Read the entire profile here.

Tuesday May 13, 2014

Announcing: Big Data Lite VM 3.0

Last week we released Big Data Lite VM 3.0. It contains the latest update on the VM for the entire stack.

Oracle Enterprise Linux 6.4
Oracle Database 12c Release 1 Enterprise Edition ( with Oracle Advanced Analytics, Spatial & Graph, and more
Cloudera’s Distribution including Apache Hadoop (CDH 5.0)
Oracle Big Data Connectors 3.0
        Oracle SQL Connector for HDFS 3.0.0
        Oracle Loader for Hadoop 3.0.0
        Oracle Data Integrator 12c
        Oracle R Advanced Analytics for Hadoop 2.4.0
        Oracle XQuery for Hadoop 3.0.0
Oracle NoSQL Database Enterprise Edition 12cR1 (3.0.5)
Oracle JDeveloper 11g
Oracle SQL Developer 4.0
Oracle Data Integrator 12cR1
Oracle R Distribution 3.0.1

The download page is on OTN in its usual place.

Tuesday Apr 22, 2014

Announcing: Big Data Appliance 3.0 and Big Data Connectors 3.0

Today we are releasing Big Data Appliance 3.0 (which includes the just released Oracle NoSQL Database 3.0) and Big Data Connectors 3.0.These releases deliver a large number of interesting and cool features and enhance the overall Oracle Big Data Management System that we think is going to be the core of information management going forward.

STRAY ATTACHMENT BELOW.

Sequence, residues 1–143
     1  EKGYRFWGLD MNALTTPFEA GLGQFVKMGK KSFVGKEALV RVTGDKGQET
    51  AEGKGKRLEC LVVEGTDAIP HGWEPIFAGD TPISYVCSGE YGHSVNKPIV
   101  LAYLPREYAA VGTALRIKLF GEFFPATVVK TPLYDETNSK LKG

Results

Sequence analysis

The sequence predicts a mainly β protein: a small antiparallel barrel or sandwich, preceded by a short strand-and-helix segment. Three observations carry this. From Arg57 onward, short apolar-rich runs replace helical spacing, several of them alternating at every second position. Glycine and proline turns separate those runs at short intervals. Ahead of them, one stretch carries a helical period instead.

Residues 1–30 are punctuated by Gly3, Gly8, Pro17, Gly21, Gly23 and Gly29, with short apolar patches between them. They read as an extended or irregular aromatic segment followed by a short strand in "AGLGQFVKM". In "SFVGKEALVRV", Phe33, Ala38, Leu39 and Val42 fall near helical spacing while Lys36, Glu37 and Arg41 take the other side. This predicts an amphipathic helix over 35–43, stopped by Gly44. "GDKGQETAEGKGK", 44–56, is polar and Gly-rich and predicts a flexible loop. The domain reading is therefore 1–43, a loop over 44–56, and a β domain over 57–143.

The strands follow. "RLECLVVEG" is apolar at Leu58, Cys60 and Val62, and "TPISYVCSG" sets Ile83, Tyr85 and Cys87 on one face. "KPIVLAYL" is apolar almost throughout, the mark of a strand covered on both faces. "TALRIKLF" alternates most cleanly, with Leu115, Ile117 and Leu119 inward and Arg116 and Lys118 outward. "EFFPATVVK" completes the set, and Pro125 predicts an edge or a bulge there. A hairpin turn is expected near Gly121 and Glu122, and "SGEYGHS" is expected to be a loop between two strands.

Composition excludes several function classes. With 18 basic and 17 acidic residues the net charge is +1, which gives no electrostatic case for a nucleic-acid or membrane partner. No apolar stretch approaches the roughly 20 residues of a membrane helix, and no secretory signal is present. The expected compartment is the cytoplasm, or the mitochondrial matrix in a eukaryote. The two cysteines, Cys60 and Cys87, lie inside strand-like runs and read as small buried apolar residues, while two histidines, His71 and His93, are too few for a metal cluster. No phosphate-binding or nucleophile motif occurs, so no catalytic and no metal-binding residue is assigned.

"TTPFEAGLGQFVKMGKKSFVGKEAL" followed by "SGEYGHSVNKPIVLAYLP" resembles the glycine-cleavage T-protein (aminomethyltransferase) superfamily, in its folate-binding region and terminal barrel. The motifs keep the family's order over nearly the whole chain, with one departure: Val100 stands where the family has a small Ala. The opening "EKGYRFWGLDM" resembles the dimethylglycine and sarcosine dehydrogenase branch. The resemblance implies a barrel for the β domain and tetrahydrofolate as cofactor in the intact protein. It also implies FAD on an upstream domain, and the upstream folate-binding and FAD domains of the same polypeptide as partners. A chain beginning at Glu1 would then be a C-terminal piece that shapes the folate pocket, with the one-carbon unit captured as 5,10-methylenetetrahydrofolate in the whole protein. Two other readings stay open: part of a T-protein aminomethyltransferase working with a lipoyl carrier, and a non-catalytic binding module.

This post highlights a few of the new enhancements across the BDA, NoSQL DB and BDC stack.

Big Data Appliance 3.0:
  • Pre-configured and pre-installed CDH 5.0 with default support for YARN and MR2
  • Upgrade from BDA 2.5 (CDH 4.6) to BDA 3.0 (CDH 5.0)
  • Full encryption (at rest and over the network) from a single vendor in an appliance
  • Kerberos and Apache Sentry pre-configured
  • Partition Pruning through Oracle SQL Connector for Hadoop
  • Apache Spark (incl. Spark Streaming) support
  • More
Oracle NoSQL Database 3.0:
  • Table data model support layered on top of distributed key-value model
  • Support for Secondary Indexing
  • Support for "Data Centers" => Metro zones for DR and secondary zones for read-only workloads
  • Authentication and network encryption
  • More